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Local Natives: From high school rock band to selling out theaters




Local Natives released its third album,
Local Natives released its third album, "Sunlit Youth," on September 9.
BRYAN SHEFFIELD

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Right off of Sunset Boulevard in the heart of Silver Lake sits a tiny blue building in the middle of an abandoned lot. The building was unoccupied up until a few years ago, when the L.A. band Local Natives claimed it as its home.

The crowd outside of Local Natives' impromptu performance on top of its practice space in Silver Lake.
The crowd outside of Local Natives' impromptu performance on top of its practice space in Silver Lake.
James Kim/KPCC

Local Natives released its first album, “Gorilla Manor,” in 2010, but some of the members have been playing together for more than a decade. Taylor Rice and Ryan Hahn went to the same high school in Orange County, while Kelcey Ayer lived right down the street. The three eventually came together to form the band Cavil At Rest. After years of playing basements and small concert venues in Los Angeles, the band reformed into what is now Local Natives.

The band recently released its third album, “Sunlit Youth,” and to celebrate the release, they performed a surprise show on the roof of the tiny blue building they now use as their practice space.

The Frame’s James Kim spoke with Taylor Rice and Kelcey Ayer about their high school beginnings, why they decided to play on a roof in the middle of Sunset Boulevard and their long journey to becoming a successful rock band.

Interview highlights

On how they found their practice space in Silver Lake:

Taylor: We had finished touring our first album, "Gorilla Manor," and we were looking for a place. We all lived around the area of Silver Lake and I saw this weird little building that was just sitting there. It was kind of empty and I was asking around. 

I got the landlord's email and convinced him to let us move into it and make it our rehearsal space. So we made our second record, "Hummingbird," in there, and that had been home base for us for about four years. 

Kelcey: We're trying to see how much use we can get out of this building. We're squeezing every drop that it's got left. We made a record in there and now we're going to play on top of it. 

On why they decided to play on their roof of their building off of Sunset Boulevard:  

Taylor: We released the song "Fountain of Youth." The chorus says, "We can do whatever we want," and that's not supposed to be in this bratty way. That's in this kind of empowered way. It's supposed to be this youth empowerment song.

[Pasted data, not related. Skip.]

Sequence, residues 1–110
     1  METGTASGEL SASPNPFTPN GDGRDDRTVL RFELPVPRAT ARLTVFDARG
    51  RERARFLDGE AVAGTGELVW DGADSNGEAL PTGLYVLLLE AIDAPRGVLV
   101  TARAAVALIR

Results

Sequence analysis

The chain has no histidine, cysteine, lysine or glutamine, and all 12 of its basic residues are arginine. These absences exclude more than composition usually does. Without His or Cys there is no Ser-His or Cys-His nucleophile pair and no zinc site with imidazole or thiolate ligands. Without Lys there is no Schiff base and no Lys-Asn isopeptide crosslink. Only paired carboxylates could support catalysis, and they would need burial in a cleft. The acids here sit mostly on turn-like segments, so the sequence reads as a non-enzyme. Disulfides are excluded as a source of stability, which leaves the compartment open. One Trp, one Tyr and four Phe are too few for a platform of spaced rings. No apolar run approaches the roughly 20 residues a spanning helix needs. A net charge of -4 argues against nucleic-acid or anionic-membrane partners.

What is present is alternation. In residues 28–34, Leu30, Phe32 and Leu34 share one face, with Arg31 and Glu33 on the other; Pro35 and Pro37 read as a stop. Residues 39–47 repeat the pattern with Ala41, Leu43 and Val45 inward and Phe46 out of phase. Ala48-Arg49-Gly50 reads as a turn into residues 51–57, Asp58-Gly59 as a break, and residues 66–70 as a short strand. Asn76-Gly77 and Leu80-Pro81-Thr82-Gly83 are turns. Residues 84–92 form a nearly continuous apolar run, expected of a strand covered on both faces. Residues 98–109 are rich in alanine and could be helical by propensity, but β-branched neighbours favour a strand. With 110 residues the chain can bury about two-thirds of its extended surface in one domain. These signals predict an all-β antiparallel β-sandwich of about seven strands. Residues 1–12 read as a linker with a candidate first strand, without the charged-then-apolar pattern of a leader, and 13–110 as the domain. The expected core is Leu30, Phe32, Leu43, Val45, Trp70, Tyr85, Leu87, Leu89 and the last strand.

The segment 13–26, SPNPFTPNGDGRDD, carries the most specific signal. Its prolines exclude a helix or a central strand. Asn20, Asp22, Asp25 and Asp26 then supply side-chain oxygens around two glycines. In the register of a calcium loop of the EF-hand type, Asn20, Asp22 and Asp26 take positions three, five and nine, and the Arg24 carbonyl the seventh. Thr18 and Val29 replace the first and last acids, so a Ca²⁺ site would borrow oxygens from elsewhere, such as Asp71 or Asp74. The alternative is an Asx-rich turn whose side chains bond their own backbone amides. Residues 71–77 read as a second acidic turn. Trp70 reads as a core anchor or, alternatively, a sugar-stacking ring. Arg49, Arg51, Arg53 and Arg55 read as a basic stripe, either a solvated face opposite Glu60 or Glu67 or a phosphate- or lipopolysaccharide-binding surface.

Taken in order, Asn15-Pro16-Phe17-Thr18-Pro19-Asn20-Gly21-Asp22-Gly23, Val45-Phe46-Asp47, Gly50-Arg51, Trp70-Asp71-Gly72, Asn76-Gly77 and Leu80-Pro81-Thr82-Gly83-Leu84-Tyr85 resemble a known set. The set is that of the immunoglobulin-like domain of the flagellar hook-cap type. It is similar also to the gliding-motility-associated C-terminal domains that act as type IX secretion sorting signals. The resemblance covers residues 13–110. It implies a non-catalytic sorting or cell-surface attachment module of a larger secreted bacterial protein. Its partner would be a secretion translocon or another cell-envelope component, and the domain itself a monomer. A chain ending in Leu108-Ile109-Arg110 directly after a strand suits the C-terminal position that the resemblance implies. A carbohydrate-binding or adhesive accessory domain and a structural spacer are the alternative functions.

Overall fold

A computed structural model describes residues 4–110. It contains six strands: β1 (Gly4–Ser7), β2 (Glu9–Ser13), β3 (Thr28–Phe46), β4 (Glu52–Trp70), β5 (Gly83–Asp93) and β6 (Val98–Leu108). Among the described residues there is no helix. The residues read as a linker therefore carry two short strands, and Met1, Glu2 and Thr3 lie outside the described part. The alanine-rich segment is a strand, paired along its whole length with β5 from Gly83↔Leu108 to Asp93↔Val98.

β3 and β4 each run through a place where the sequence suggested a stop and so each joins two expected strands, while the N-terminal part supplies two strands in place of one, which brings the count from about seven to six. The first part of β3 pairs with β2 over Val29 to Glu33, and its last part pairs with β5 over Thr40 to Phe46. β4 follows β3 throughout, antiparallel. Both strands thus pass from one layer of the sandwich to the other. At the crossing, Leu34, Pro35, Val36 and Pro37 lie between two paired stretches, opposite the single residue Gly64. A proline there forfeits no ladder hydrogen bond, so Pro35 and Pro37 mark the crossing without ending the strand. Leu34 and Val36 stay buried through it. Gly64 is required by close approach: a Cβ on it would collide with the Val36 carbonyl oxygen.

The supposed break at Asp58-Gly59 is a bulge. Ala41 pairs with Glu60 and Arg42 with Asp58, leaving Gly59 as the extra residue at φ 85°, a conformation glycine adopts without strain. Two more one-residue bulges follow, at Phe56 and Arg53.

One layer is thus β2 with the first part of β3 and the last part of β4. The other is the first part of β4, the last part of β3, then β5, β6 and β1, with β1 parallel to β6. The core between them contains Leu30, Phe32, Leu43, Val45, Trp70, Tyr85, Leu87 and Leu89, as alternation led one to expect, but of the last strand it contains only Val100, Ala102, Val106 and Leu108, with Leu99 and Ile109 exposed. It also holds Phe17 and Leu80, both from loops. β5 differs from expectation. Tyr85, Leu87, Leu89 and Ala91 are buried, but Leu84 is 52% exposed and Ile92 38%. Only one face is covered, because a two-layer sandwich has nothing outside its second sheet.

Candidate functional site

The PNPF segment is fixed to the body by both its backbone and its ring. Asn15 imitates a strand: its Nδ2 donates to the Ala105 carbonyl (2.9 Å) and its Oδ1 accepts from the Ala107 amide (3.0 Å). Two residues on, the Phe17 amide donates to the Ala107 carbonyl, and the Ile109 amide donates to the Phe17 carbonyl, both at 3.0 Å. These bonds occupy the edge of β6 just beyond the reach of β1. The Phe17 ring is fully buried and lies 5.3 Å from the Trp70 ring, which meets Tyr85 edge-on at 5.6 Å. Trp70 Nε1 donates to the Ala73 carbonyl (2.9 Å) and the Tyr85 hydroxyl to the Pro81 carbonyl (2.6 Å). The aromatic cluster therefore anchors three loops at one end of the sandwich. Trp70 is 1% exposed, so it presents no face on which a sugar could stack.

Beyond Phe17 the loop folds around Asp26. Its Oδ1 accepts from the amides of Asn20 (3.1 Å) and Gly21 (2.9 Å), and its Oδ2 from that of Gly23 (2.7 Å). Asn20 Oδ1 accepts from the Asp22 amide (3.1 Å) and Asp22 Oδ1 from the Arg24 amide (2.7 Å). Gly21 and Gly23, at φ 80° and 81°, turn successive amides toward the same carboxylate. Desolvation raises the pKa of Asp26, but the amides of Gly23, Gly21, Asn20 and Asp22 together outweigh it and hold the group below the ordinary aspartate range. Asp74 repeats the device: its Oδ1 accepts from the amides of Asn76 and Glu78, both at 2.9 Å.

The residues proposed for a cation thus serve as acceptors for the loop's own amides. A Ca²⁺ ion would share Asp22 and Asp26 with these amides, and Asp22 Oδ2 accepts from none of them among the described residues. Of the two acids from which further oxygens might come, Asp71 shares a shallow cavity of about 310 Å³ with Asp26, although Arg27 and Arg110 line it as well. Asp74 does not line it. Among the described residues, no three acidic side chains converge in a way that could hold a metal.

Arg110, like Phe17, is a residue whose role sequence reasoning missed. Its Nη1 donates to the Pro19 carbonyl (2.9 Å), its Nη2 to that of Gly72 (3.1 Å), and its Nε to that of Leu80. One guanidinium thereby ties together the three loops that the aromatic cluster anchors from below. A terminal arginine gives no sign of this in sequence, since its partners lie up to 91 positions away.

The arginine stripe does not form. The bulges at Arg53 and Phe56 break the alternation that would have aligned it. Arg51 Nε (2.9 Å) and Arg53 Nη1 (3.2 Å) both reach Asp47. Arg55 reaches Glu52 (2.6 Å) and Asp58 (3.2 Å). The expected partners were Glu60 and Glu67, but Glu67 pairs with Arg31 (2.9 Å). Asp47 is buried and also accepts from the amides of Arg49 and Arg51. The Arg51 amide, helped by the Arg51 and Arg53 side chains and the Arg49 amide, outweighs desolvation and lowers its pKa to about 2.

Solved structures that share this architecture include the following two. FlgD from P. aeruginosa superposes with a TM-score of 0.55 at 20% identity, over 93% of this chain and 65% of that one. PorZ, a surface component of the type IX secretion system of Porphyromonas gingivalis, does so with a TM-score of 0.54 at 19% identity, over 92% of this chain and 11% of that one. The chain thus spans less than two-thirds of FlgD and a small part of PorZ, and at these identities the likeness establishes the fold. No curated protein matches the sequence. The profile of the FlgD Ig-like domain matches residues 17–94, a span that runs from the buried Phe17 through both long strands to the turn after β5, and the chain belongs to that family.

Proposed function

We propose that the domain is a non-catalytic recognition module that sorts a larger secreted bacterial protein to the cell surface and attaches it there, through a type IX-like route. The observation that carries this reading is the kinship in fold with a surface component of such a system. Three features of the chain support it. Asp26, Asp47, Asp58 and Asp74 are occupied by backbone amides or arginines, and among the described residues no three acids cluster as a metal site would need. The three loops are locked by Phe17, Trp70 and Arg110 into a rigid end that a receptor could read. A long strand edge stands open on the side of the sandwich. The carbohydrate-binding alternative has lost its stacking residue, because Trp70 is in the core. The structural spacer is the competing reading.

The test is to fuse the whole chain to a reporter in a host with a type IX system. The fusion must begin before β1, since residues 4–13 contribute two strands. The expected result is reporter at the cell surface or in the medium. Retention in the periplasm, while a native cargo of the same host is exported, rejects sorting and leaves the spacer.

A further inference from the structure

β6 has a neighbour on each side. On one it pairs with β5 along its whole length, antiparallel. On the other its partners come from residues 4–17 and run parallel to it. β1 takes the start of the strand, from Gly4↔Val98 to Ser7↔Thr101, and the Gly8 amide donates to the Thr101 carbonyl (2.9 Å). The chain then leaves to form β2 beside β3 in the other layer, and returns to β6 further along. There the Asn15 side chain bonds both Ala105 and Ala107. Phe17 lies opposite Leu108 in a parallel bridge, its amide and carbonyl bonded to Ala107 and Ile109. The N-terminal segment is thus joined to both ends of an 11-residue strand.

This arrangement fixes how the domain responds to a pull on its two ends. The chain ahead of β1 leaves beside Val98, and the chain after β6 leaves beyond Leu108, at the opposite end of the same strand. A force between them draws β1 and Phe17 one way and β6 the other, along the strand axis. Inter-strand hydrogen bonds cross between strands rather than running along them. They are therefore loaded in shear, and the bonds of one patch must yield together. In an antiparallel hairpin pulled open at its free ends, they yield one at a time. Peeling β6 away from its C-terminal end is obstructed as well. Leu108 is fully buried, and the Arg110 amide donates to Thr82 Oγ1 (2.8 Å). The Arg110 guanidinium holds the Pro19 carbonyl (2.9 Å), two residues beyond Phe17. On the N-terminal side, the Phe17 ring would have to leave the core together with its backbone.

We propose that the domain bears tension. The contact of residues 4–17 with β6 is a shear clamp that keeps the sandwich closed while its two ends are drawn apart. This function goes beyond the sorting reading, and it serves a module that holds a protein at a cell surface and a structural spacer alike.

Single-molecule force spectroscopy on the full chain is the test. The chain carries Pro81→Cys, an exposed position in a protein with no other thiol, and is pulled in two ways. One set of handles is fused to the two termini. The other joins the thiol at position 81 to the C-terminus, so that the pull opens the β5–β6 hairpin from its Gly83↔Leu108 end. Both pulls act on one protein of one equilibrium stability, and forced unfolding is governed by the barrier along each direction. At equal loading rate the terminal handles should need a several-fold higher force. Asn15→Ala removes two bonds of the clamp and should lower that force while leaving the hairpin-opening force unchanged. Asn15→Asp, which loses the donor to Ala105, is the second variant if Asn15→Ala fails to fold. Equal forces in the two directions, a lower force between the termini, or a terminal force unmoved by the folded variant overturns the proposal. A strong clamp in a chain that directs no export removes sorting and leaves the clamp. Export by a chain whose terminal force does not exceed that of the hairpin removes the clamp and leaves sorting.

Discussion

We just had this idea of, if we just wanted to do whatever we wanted, what would it be? I think it's just kind of in that spirit. Let's have an illegal show on the roof of our practice space on Sunset Boulevard. That sounds fun, so let's just do it. 

Kelcey: Getting older, we keep trying to reconnect with what got us excited about music in the first place, and I don't think you can get to this place without having those sort of ambitions really young. Because it's hard to get a band off the ground. 

On the high school beginnings of Local Natives:  

Taylor: We grew up just south of Los Angeles and we started high school in 2000. We also met Kelcey [Ayer]. 

Kelcey: I randomly was going to a high school down the street from Taylor [Rice] and Ryan [Hahn] and we got together. We got really lucky to have all been very involved in music very early on. 

Taylor: Yeah, we just lived to play those crazy house party shows and every now and then we would book whatever venue we could, but mostly we were just playing in cul-de-sacs and living rooms or basements. 

On the tough path of starting a rock band:

Kelcey: There's a lot of hardships. You're trying to write something that you really believe in and you really love. You try and basically beg promoters to let you play in their venues to little-to-no people. We did countless U.S. tours where we'd show up and play to 10 people. And then on the mic be like, "Hey, if anyone has a floor we could sleep on, we promise we're not really sketchy and we'll be really respectful." You can't really live that way forever. So thankfully things started going well.

Taylor:  There's kind of this — in my memory — this trickle that starts to happen where your email is going off on your phone. Every day there's some unbelievabl,e you couldn't even imagine, like, "We're going to go play Primavera Festival in Barcelona," or, "We got this offer to play on late night television." These things that just happen quickly. 

Honestly, even now we're not guaranteed to be able to get to do this forever. I think it's really important for us to remember that and remember that it is this crazy ephemeral gift that we get to make music and share it with people. 

Local Natives’ third album, “Sunlit Youth,” is out now. The band performs at the Greek Theatre on Sept. 16.



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